Nov 2nd Update: Joining “The Vault”

Just wanted to give a quick update on some of what we’ve been up to at Altius Space Machines over the past several weeks.

Contracts
The Ventions avionics contract we previously mentioned has been underway for a few weeks now. I’ll probably need to get their approval before I can share any details, but Ian’s been making solid progress since we had our kickoff meeting with them last month.

We also just signed our second contract today, which is a small feasibility study that should get me on payroll as well. I’m not sure yet what I can say about the project, so I’ll have to fill in the details later.

The Vault
With a second contract, Ian will be joining me up here in Louisville, meaning that we needed to find some workspace to lease. After shopping around, we decided to rent a small office from “The Vault“, which is a coworking space run by the Da Vinci Institute in Louisville. While we do eventually want to get our own space out in the Colorado Technology Center, these first two contracts don’t actually need a full-up shop for their hardware portions, so for the next few months this should work pretty well for us.

The Vault is basically a converted bank (at 511 E South Boulder Road) that is now being used by the Da Vinci institute for coworking space, and to host various startup related networking events. Here’s a picture of one of the events. The office room in the back on the right (the “Gutenberg Suite”) is the one we’re renting.

Hopefully I’ll have some more technical details to talk about soon, or business concept ideas, but for now I wanted to show you the results of some of the “boring details work” that’s an important part of getting a company like this off the ground.

Showing 4 comments
  • David
    Reply

    I like this type of posting because
    1) It shows your progressing which is interesting
    2) It shows the process of the set up and establishment of this sort of company

    Thanks – all very interesting.

  • Seer
    Reply

    Jon, when you have time take a look at this http://trs-new.jpl.nasa.gov/dspace/handle/2014/41563 proposal. It is a way of launching cheap propellant to leo using small mass produced rockets, launched from a balloon that is tethered to the ground.

    • admin
      Reply

      Seer,

      Thanks for the interesting link. I’m actually a big fan of the idea of supplying depots with tons of small launches, and I think they did a good job of illustrating the power of reusing in-space hardware and lowering the cost of propellant deliveries (more about that in a later post). But, I did have a few quibbles about implementation. I only had time to skim it, but my initial thoughts:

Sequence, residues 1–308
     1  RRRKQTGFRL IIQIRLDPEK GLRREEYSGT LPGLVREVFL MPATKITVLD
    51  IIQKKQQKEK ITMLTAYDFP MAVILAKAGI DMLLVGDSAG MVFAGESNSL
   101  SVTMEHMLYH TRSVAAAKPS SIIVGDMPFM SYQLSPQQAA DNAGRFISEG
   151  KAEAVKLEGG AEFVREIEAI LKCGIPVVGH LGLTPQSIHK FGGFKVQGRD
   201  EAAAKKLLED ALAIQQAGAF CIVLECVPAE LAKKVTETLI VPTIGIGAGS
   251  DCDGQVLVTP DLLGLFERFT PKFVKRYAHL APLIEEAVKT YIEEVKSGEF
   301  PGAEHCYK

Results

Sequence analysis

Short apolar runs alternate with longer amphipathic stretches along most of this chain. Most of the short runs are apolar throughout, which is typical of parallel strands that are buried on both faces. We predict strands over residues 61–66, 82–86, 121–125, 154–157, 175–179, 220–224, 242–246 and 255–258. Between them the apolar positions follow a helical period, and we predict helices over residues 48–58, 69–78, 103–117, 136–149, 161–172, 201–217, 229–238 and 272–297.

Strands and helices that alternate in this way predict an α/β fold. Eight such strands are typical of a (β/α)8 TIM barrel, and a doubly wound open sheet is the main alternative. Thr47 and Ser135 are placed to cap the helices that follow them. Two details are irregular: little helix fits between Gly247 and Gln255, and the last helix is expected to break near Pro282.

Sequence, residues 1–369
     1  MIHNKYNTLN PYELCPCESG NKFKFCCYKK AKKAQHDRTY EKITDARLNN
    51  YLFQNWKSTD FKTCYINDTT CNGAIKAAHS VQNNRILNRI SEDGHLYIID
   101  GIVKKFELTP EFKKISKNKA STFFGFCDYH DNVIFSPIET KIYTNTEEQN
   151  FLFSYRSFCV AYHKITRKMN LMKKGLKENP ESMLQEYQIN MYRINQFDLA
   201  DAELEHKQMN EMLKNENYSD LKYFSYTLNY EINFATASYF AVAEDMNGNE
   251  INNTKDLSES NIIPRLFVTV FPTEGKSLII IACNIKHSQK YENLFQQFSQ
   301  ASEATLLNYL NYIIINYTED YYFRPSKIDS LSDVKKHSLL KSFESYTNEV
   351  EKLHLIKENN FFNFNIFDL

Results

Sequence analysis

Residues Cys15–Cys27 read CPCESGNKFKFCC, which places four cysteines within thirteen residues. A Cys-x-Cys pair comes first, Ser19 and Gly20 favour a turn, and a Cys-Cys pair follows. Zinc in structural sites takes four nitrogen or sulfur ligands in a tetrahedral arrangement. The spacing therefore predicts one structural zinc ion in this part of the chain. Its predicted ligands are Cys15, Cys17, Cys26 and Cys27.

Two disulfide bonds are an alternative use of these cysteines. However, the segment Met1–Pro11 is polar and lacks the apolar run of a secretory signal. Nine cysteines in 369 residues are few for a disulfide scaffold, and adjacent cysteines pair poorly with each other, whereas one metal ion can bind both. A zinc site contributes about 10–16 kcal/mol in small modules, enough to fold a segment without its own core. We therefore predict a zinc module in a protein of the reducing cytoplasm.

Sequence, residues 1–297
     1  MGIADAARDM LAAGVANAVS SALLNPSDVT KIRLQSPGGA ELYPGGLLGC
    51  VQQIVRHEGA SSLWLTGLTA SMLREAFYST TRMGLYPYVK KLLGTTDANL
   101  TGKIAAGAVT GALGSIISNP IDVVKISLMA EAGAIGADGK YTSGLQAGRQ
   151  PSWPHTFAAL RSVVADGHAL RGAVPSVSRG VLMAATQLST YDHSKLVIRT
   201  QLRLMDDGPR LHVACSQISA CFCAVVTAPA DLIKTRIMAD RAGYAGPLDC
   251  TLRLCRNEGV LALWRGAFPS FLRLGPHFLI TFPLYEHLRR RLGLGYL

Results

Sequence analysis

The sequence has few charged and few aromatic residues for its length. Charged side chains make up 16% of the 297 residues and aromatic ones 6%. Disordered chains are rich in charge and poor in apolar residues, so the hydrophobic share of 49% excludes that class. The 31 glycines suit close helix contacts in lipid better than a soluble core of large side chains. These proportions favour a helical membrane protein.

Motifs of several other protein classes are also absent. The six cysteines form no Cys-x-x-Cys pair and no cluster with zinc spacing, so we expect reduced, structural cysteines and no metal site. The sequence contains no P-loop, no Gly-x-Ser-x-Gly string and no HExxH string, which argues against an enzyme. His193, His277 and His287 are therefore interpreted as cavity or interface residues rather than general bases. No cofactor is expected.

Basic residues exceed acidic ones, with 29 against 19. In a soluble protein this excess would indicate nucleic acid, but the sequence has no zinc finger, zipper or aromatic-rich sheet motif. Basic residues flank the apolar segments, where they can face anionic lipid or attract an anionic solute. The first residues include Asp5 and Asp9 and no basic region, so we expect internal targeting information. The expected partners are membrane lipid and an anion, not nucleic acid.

1-Never been a big fan of balloons–I’d rather do air launch from a modified airplane than a balloon, even if it reduces possible flight rate a bit. Gives you more launch-site flexibility, and allows you to do a reusable first stage easier–I think it’ll be easier to get low cost per pound with a reusable first stage and expendable upper stage than with three solid stages, but I’m biased. 🙂
      2-Having the initial “depot” in equatorial orbit does increase the number of flight opportunities, but at the cost of a big penalty for plane changes if you need to use it to depart LEO (which you really wan to). You end up throwing out about 3/4 of the propellant that way, which narrows your benefit over picking a more reasonable higher inclination orbit. Equatorial LEO depots only make sense if your Earth-L1 vehicles are also leaving from equatorial LEO.
      3-Not a fan of the depot approach. It’d be much easier to transfer the propellants once into a bigger tank and toss them then trying to glom them all together, do long-duration plumbing and insulating work in zero-G. Though some sort of tug would be required either way, I think it would be easier if the tug only had to grab the propellant tanker, move it up to the depot, and hook-up and then detach the transfer hoses.

      But the concept might be workable, and the general idea of small, low-cost launch of propellant at high flight rates, using depots, is great.

      ~Jon

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